james014Aura wrote:
HOWEVER, what this does is beleaguer many more GMs with players asking for access to something thematic, but not technically in the list. For example, for wizards, some schools (*cough*divination*cough*) have a distinct shortage of decent spells that aren't at least Uncommon.

I don't think this is a problem for GMs at all. GMs no longer have to give players "ban lists" but can instead give them "here's a list of extra options you have access to." If the GM doesn't want to go to the effort, they can just as easily say "everything in the CRB is selectable" or "everything is selectable regardless of what book it's from." No GM is being forced to do something they don't want to do.

Anguish wrote:
Personally, I loathe default-deny rules

Fortunately it's easy for you to undo it "everything is allowed except Blood Money and Sacred Geometry." And your players will love you for it (unless it completely destroys the game but even then they might still love you).

With a default-allow rule a GM has to say "Only these things are allowed, everything else is banned." And the players are going to hate him for it (unless they've had bad experiences with an everything goes game).

I know I'm glad Paizo has gone for a default disallow.

Bandw2 wrote:
in this modern digital age, restricting to source books isn't that easy to do for some people.

I have little sympathy for people solely using digital resources to play the game for an extended period of time. I'm all for try before you buy, but sooner or later I expect players to actually buy the material they want to use. On a merely selfish front: The more people spend on Pathfinder material the more money Paizo has to produce more Pathfinder material.

On a practical level: I find using online resources and digital character builders in lieu of physical books greatly inhibits people's ability to learn the rules completely and quickly.

YMMV of course. This is only based on gaming with dozens of people across 11 years.


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Pathfinder Lost Omens, Rulebook Subscriber

One of the reasons I personally like rarity and additional content being at the GM's discretion is the creative freedom it provides to Paizo to create niche content. Fairly early in the life cycle of Second Edition we are getting playable Lizardfolk, Hobgoblins, Orcs, and Kobolds in player facing books. In an environment where everything is open by default we would probably not be getting those things.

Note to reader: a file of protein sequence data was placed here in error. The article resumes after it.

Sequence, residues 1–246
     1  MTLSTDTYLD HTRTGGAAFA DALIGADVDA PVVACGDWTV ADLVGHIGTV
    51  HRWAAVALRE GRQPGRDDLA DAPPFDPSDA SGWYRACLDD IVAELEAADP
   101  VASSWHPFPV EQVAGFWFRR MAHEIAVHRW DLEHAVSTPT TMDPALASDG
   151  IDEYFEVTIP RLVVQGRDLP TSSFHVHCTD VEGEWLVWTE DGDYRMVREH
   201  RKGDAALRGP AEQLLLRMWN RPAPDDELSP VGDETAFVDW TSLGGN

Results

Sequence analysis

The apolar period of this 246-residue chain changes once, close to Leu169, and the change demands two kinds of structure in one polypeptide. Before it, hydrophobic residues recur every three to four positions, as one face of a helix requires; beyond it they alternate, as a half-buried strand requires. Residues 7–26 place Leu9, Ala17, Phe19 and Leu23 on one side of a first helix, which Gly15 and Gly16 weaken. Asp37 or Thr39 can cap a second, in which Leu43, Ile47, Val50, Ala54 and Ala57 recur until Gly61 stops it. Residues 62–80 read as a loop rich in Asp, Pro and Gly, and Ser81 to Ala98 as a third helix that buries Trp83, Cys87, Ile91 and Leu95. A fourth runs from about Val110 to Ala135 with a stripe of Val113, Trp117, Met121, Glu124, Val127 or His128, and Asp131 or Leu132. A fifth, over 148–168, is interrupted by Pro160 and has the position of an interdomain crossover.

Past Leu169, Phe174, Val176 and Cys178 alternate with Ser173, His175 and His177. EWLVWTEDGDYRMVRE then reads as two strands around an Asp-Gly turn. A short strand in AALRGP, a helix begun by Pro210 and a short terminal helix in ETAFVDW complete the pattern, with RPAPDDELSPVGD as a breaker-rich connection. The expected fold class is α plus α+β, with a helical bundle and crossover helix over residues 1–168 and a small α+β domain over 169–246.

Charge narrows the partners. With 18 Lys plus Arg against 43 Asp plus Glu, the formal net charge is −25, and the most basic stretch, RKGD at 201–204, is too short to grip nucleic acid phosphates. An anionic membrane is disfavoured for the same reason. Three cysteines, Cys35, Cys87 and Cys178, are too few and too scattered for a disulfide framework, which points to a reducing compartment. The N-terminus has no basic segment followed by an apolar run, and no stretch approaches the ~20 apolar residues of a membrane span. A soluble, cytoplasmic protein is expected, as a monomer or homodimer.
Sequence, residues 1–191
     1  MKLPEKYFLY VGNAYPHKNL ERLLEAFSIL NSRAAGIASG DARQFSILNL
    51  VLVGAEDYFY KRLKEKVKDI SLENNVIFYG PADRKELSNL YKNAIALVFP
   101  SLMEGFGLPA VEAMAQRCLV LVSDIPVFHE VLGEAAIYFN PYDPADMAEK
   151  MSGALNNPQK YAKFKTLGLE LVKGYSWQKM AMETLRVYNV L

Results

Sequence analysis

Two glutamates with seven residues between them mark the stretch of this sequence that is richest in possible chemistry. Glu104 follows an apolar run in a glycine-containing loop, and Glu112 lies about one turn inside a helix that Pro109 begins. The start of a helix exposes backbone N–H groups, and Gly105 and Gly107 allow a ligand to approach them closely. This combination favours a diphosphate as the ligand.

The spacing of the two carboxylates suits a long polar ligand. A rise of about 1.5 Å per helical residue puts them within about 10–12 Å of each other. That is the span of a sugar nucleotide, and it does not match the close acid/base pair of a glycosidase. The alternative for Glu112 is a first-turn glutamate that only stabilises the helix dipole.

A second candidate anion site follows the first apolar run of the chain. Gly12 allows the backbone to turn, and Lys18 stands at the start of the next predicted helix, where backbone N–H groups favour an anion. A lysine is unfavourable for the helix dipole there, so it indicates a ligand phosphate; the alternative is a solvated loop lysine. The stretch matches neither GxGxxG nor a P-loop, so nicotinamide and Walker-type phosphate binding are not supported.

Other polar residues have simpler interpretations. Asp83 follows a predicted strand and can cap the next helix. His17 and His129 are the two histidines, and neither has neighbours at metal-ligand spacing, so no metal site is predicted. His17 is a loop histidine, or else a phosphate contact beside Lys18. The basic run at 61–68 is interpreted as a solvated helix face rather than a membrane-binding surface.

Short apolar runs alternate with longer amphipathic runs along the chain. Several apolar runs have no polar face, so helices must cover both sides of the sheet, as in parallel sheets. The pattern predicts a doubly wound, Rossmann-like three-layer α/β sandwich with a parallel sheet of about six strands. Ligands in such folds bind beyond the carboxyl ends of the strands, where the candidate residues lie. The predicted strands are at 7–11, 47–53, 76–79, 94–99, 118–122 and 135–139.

When you open things by default nearly every option has to fit nearly every game. Taking this tact means Paizo is free to experiment and provide things that are a strong fit for some tables, but would not be a good fit for other tables. They get to create subversive and potentially disruptive material that they would otherwise not get to write because its inclusion is based on GM judgment.

In my experience Fifth Edition is played in a very open way. Because of that Wizards of the Coast has a very rigorous approval process that means most niche content is either cordoned off in GM centered material or just does not get printed. I do not want that.


5e takes so long to release things because of how bound everything is which requires extensive playtesting, not because of its open nature (which I see as more of a consequence of having very little actual options).
New options are generally guided by 2 things how open things are (is there space for new options) and how bound is the power level (is the new option broken/underpowered).

What rarity might do is just make playtest shorter because "its uncommon/rare, so it's fine if it's not up to par". And honestly PF1e (without rarity) had a lot of good options that weren't "broken"; The problem was some books got really poor playtesting (looks at shifter) and there were rules that devs didnt clarify until they had become a mess. Which is why errata and early FAQ are very important.